Failures of intensive treatment of multiple organ failure: pathophysiology and the need for personalization

E.V. Grigoryev1,2, D.L. Shukevich1,2, G.P. Plotnikov3, A.N. Kudryavtsev3, A.S. Radivilko1

Scientific Research Institute for Complex Issues of Cardiovascular Diseases, Kemerovo

Kemerovo State Medical University, Kemerovo

A.V. Vishnevsky National Medical Research Centre of Surgery, Moscow

For correspondence: Evgeny V Grigoryev, M.D., Ph.D., Head of Chair of Anesthesiology and Reanomation, Kemerovo State Medical University, Kemerovo; e-mail:

For citation: Grigoryev EV, Shukevich DL, Plotnikov GP, Kudryavtsev AN, Radivilko AS. Failures of intensive treatment of multiple organ failure: pathophysiology and the need for personalization. Alexander Saltanov Intensive Care Herald. 2019;2:48-57.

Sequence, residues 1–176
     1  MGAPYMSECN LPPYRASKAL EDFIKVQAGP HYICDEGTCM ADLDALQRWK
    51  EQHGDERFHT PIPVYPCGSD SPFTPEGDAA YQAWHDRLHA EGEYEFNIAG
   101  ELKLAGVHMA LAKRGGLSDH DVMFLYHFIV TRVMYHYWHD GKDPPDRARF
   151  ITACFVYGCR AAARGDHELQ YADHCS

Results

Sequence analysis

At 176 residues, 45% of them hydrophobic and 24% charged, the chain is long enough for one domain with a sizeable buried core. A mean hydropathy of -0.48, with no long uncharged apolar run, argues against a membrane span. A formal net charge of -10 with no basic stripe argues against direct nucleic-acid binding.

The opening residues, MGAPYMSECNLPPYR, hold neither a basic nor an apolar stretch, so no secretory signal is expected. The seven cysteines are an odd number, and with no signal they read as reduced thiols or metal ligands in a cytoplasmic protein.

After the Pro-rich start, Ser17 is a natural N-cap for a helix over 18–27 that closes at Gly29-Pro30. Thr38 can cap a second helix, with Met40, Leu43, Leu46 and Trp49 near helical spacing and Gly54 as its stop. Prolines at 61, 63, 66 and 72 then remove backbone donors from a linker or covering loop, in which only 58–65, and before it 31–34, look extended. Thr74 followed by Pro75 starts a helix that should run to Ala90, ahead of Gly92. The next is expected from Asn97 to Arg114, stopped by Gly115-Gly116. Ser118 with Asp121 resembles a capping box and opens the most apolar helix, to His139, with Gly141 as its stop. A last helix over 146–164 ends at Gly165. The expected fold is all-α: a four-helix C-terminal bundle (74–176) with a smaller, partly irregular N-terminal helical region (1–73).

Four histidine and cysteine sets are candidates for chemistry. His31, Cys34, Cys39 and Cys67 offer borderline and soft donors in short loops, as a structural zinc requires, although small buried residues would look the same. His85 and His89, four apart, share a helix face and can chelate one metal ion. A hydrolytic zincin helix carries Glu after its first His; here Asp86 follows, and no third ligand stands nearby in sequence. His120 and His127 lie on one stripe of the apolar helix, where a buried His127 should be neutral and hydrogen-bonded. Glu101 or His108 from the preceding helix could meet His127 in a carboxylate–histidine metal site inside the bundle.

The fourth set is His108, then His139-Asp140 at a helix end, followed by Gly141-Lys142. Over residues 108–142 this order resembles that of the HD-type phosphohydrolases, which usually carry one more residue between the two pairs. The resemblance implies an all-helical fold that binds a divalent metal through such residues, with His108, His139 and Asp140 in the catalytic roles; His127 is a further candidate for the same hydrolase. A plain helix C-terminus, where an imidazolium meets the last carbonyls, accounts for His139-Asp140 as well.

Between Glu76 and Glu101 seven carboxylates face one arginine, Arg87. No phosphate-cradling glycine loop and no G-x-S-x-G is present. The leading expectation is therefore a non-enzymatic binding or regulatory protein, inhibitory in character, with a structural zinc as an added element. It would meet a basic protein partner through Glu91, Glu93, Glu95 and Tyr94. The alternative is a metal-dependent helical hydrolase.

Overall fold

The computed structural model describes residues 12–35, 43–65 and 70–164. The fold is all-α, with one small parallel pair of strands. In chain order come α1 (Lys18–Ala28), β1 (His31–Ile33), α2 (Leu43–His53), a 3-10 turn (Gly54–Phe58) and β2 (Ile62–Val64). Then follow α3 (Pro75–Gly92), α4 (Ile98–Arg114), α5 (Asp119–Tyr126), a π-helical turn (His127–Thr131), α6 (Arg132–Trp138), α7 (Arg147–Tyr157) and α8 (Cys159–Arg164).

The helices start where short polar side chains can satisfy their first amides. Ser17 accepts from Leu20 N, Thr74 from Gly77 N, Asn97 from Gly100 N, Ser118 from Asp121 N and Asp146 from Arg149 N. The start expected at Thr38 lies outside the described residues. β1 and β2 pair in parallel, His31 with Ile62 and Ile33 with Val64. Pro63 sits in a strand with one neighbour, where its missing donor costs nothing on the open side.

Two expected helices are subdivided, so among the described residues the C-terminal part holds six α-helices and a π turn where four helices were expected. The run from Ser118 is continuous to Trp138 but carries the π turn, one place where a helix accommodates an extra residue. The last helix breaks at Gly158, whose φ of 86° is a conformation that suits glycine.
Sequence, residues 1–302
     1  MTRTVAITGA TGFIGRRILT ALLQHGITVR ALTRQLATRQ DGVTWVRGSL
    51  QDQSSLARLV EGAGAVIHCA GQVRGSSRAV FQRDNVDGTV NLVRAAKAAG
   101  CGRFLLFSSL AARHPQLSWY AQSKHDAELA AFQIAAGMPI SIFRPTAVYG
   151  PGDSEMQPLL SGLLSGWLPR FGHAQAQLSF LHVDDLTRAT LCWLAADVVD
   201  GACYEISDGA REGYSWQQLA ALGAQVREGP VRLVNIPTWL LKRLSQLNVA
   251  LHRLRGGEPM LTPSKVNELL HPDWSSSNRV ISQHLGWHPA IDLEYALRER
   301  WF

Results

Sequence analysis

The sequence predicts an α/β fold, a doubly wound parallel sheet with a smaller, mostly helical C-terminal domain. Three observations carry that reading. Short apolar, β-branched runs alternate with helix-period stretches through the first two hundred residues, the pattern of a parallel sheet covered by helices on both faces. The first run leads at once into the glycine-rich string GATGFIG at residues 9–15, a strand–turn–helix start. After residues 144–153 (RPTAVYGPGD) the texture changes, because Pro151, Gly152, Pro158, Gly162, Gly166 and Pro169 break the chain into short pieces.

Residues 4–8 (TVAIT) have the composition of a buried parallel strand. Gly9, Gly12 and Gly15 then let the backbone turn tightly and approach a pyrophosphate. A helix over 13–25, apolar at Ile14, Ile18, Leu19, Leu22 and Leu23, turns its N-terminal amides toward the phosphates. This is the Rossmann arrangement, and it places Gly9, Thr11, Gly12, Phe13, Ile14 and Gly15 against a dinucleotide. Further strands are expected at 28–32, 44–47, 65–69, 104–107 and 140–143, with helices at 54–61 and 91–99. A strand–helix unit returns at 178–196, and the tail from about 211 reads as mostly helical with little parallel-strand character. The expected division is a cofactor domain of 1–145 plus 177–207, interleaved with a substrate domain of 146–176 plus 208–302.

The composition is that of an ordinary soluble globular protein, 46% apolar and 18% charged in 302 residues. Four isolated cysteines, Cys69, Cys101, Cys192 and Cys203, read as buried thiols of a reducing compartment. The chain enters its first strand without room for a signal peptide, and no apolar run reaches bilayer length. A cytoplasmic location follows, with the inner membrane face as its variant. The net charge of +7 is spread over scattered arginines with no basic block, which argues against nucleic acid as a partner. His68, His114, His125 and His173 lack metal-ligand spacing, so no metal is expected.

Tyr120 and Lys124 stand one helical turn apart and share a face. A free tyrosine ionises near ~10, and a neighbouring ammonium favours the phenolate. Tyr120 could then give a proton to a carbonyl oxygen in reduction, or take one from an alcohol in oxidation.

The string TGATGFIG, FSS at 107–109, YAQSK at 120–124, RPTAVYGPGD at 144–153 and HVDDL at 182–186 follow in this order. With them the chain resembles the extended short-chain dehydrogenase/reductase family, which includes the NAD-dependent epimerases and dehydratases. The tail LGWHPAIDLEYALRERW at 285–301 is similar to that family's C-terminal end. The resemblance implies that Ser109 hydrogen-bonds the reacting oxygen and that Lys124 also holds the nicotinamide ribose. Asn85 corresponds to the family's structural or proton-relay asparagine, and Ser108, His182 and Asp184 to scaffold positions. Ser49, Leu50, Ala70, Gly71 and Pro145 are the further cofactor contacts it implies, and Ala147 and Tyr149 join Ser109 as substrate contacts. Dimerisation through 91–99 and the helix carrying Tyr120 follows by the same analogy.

DOI: 10.21320/1818-474X-2019-2-48-57

Multiple organ failure (MOF) is the most severe outcome of the critical care patients of any reason (sepsis, trauma, ischemia and reperfusion), the mortality rate with this syndrome has no tendency to decrease. The review article offers, first of all, an introduction to the key research areas in which the MOF theory is currently developing (alarmines, mitochondrial dysfunction, barrier insufficiency, immunological and neurological conjugation, forms of programmed cell death, induced immunosuppression, resolution of inflammation). Studies prove the feasibility of introducing a personalized approach to the diagnosis of MOF by substantiating the endophenotype of the critical care patients on the basis of a complex of immunological, genomic and clinical indicators.

Keywords: systemic inflammatory response, multiple organ failure, alarmines, mitochondria, immune suppression, barrier deficiency, endophenotype

Received: 22.02.2019


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